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A Simple Bug Hunting Formula

A green bug camoflauged to symbolically reference the inevitable bugs written during the process of software development.

Photo by David Clode on Unsplash.

Assuming you have working software, as a developer, you hunt for bugs pretty much all the time.

A 40+ year developer himself, my father-in-law once told me that (paraphrased)

writing software is writing bugs.

So let's dive into a quick and simple algorithm to hunt for bugs successfully, which I just used this morning.

Fixing my buggy Asana task code

At Tincre we let people and businesses become digital ad agencies overnight. We abstract pretty much everything it takes, aside from setting up the LLC and making the initial client sale. It's pretty cool.

But ads are a minefield and many parts are still completely manual, human processes, when done correctly.

For these manual pieces, we leverage software to supercharge the manual process, making Tincre humans more efficient. Task management is a big part of that. In recently switching from Gitlab to Asana for task management, I wrote a small but annoying bug in how we generate content for ensuring ad campaigns are stopped. Let's dig in.

The bug

The code below creates a simple dictionary with two string parameters, title and content.

These populate our tasks over at Asana. In particular, our "stop" campaign tasks were missing an f-string, a string substitution feature within Python, in case you're unfamiliar.

Find below a simplified version of the buggy function.

def generate_asana_task_content(
    task_type: str,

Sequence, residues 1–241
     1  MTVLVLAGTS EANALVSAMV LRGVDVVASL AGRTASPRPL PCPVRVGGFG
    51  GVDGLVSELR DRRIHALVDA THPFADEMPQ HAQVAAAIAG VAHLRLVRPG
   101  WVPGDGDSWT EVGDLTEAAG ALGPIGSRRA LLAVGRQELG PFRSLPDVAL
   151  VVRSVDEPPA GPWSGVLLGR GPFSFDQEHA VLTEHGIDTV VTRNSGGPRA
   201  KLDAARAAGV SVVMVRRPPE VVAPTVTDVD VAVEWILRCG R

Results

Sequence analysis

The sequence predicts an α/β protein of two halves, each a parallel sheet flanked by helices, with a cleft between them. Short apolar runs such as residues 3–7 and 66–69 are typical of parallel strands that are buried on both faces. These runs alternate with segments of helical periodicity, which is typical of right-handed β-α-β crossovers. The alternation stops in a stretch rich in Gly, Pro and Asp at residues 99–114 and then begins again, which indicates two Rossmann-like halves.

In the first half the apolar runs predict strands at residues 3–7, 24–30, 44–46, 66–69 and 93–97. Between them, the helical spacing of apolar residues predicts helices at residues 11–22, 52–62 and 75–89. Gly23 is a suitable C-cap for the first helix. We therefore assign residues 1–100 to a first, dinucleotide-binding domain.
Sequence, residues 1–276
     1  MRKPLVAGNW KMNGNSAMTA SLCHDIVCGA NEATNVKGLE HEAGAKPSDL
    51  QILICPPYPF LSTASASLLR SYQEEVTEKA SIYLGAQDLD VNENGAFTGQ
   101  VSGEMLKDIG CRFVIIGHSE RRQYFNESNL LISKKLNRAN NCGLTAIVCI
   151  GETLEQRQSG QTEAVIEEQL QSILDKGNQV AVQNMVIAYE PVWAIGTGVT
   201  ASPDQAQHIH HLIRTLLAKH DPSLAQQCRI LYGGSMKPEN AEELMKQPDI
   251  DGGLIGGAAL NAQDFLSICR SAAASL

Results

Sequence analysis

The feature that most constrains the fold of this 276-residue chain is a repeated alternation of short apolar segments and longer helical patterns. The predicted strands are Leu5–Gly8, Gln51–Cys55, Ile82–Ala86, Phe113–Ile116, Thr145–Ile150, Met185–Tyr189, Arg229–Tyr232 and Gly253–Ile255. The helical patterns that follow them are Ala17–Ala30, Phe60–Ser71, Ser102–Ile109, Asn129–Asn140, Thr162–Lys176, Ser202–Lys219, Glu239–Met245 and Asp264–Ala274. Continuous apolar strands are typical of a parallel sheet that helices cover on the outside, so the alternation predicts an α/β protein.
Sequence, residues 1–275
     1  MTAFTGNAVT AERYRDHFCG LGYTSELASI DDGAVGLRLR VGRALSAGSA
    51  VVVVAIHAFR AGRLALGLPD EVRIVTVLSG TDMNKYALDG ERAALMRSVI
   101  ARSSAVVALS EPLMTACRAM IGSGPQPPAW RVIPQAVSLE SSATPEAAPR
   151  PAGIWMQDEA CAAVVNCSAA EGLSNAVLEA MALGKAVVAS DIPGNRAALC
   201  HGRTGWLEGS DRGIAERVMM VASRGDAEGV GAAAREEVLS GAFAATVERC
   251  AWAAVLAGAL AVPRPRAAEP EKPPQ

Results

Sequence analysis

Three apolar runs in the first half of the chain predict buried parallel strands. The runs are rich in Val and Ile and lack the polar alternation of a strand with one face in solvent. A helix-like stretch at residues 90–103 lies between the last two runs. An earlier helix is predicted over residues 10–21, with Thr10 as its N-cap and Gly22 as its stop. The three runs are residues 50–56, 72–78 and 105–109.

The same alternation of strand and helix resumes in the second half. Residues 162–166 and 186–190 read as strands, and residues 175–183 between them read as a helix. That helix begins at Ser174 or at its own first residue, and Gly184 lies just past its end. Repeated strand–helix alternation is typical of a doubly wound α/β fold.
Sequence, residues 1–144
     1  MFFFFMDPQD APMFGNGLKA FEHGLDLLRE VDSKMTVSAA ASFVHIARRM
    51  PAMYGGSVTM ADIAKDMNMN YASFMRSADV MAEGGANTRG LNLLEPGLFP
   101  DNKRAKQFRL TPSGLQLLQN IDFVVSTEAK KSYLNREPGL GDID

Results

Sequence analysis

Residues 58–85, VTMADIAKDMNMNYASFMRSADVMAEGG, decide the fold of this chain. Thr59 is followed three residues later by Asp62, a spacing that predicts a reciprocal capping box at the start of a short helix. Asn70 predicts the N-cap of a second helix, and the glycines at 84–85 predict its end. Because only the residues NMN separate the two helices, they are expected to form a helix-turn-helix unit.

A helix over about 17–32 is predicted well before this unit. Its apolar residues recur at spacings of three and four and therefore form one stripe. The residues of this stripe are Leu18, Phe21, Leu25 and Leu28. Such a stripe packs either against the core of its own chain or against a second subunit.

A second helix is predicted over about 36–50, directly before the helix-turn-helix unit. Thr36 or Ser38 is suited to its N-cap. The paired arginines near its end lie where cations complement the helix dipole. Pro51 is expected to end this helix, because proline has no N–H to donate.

campaign: schemas.InternalCampaign,
    if task_type == "stop":
        return dict(
            title=":octagonal_sign: STOP {campaign.adTitle} - {}",
    if task_type == "create":
        return dict(
            title=f":mega: CREATE {campaign.adTitle} - {}",
    if task_type == "delete":
        return dict(
            title=f":fire: DELETE {campaign.adTitle} - {}",

See the bug? The "stop" tree title parameter is missing an f-string, so our Campaign schema object doesn't substitute the campaign.adTitle or (Promo ID) information within the title string.

Tsk. Tsk. But at least we found the bug. Okay, so let's just add a little f right before the string, push changes and move along with our day.


Write a "bug" test

Instead of fixing this right away, we leave it open in our editor and open up the test file.

Our objective is to write a test that fails for this exact issue. Below is an example of that test.

assert (
    in asana.generate_asana_task_content("stop", internalCampaign_schema)[

Now run your tests and ensure that your suite fails.

Fix the bug, pass the test

Now we go back to our buggy function code from above and add our f prior to the string in the "stop" tree title parameter, e.g.

  if task_type == "stop":
      return dict(
          title=f":octagonal_sign: STOP {campaign.adTitle} - {}",

We save that file with :w; oops, you don't use vim? Why not?

Now run the test. It passes! Hooray!

You're done

Now commit, push, pass your CICD suite, and deploy. Go have a coffee. Have some lunch.

Hunt for or write more bugs. In short, get on with your life.

✨ Lastly, check out Promo, by Tincre to add a marketing agency to your app, site, or platform. ✨